Information estimates have become more available over the past decade ranging from estimates of the total words spoken by humans in history to the total amount of all data produced in a given year.  Estimates of total words ever spoken range from 5 exabytes to 42 zettabytes depending on whether the information is stored as typewritten words on paper or 16-bit audio.  That 8,400 fold difference illustrates one of the technical problems.  What format is relevant and what data needs to be recorded in that format?  The spoken word whether recorded or typed is one channel but what about prosody and paralinguistic communication?  How can all of that be recorded and decoded?  Is there enough machine intelligence out there to recognize the relevant patterns?

An article in this week's Nature illustrates the relative scope of the problem.  Chris Mattmann makes a compelling argument for both interdisciplinary cooperation and training a new generation of scientists who know enough computer science to analyze large data sets.  He gives the following examples of the size of these data sets: ( one TB = 1,000 GB)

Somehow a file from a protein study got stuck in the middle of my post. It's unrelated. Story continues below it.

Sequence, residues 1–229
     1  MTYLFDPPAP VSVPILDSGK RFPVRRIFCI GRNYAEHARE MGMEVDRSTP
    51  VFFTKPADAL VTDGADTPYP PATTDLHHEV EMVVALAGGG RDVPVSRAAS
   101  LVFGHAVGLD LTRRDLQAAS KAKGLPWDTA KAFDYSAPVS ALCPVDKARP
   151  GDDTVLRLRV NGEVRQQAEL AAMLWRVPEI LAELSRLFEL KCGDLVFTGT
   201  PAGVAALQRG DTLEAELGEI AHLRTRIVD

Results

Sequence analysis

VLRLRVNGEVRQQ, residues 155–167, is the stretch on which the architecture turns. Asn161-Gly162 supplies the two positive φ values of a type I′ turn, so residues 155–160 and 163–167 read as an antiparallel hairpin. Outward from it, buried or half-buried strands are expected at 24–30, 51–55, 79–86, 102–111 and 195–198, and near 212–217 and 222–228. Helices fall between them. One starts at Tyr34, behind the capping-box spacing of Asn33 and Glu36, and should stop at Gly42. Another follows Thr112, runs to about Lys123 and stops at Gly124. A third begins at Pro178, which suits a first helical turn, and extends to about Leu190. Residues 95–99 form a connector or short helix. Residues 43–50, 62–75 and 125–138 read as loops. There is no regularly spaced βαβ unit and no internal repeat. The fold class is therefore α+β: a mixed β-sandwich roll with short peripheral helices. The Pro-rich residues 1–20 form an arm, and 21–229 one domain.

Encyclopedia of DNA Elements (ENCODE), 2012
15 TB
US National Climate Assessment (NASA projects), 2013
1,000 TB
Fifth assessment report by the Intergovernmental Panel on Climate Change (IPCC), due 2014
2,500 TB
Square Kilometer Array (SKA), first light due 2020
22,000,000,000 TB per year

That means that the SKA is nearly producing the total amount of information spoken by humans (recorded as 16-bit audio) in recorded history every year.   The author points out that the SKA will produce 700 TB of data per second and within a few days will eclipse the current size of the Internet!

All of this makes the characterization of human communication even more urgent.  We know that the human brain is an incredibly robust and efficient processor.  It allows us to communicate in unique and efficient ways.  Even though psychiatrists focus on a small area of human behavior during a clinical interview the time is long past due to figure out what kind of communication is occurring there and how to improve it.  It is a potential source of big data and big data to correlate with the big data that is routinely generated by the human brain.

George Dawson, MD, DFAPA

Dawson G.  High speed networks in medicine.  Minnesota Physician 1997.

Lyman, Peter, H. Varian, K. Swearingen, P. Charles, N. Good, L. Jordan, & J. Pal. 2003. How Much Information? Berkeley: School of Information Management & Systems.

Mattmann CA. Computing: A vision for data science. Nature. 2013 Jan 24;493(7433):473-5. doi: 10.1038/493473a.

Shannon CE.  A mathematical theory of communication. The Bell System Technical Journal 1948; 27(3): 379-423.